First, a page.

“The IRA coopted unwitting Americans to engage in offline activities . . . not just focused on inciting anger and provoking division on the internet . . . targeted African-Americans over social media to influence [them] to sign petitions, share personal information, and teach self-defense training courses; [and] posing as U.S. political activists . . . requested — and in some cases obtained — assistance from the Trump Campaign in procuring materials for rallies and in promoting and organizing the rallies.

“The IRA was not Russia’s only vector for attempting to influence the United States through social media in 2016.

“IRA activity on social media did not cease, but rather increased after Election Day 2016.

“More than 80% of the disinformation accounts in our election maps are still active … [and] continue to publish more than a million tweets in a typical day.”


A Bit About Dobie

Some of you know my Chihuahua, Dobie. He came to live with us back in 2006. I had just turned 50, with the typical mid-life crisis, bought a big-ass motorcycle and a tiny little dog.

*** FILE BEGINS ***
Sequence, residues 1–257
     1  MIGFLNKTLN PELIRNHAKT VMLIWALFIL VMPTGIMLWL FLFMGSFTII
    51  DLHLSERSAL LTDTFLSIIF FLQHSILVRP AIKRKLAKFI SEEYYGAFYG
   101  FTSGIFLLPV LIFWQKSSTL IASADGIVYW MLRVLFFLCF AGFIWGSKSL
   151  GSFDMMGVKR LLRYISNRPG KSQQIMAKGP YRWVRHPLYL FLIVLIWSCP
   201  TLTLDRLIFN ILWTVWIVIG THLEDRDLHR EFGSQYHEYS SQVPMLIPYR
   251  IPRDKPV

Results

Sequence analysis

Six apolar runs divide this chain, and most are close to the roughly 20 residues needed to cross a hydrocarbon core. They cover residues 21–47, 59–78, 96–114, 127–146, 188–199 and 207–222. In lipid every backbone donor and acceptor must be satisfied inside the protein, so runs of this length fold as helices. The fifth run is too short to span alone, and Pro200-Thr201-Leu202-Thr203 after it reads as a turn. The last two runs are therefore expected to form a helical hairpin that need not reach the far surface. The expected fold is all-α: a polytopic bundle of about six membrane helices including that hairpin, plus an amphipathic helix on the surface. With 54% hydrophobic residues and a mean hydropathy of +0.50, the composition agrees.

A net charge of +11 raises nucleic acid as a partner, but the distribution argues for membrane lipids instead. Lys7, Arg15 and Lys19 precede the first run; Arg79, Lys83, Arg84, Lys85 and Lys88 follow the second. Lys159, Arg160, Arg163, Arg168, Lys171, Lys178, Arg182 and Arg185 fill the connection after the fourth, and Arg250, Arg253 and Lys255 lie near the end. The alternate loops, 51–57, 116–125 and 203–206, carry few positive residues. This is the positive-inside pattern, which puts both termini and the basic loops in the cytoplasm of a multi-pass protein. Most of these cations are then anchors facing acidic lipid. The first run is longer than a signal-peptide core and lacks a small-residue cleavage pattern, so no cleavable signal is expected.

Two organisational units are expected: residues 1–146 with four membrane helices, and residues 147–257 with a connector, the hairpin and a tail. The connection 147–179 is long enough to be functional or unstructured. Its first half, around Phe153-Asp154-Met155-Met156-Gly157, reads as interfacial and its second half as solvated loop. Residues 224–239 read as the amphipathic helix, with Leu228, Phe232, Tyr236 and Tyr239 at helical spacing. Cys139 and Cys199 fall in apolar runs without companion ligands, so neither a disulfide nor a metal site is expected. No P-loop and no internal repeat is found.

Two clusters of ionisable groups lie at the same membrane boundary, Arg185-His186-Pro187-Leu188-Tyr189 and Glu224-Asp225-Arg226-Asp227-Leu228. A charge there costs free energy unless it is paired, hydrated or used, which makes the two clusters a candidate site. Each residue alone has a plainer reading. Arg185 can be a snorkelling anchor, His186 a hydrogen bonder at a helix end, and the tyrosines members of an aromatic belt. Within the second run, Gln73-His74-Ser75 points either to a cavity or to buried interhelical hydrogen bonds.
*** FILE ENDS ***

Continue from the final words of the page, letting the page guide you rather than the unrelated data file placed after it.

Our family has had dogs ever since our daughters were little: they’re great for companionship, life lessons, and developing allergy resistance when you’re young.

But Dobie was the first dog specifically for me—my responsibility to feed, water, litter train, clean up after, and generally keep happy and healthy. Together, we worked out 21 tricks: sit, stay, come, lie down, back up, crawl, speak, hush, shake hands, wave, spin, roll over, play dead, prairie dog, get it, stand, walk (hind legs), twirl (hind legs), up, down, kisses.

He’s now middle aged. A few weeks ago he developed a luxated patella, so most of those tricks are over with. Lately he’s been off his food. Most of yesterday and last night he spent vomiting. The family and I just got back from the vet, and Dobie has a bit of a heart murmur and a whole lot of renal failure.

I had to ask. The vet said with special diet and care, about a year to a year-and-a-half . . .

Shakespeare wrote: “This thou perceivest, which makes thy love more strong, / To love that well which thou must leave ere long.” Yeah, I get it. Life’s transience is what makes things so precious. That’s still not how I’d make a world.

But it’s what we’ve got. So for the next year or two, or however long, my family and I will take special care to make sure Dobie’s life continues to be good and full of love. He doesn’t know. I wish I didn’t. But for what time remains, under the cloud of that knowledge, I’ll bask in the light of his personality.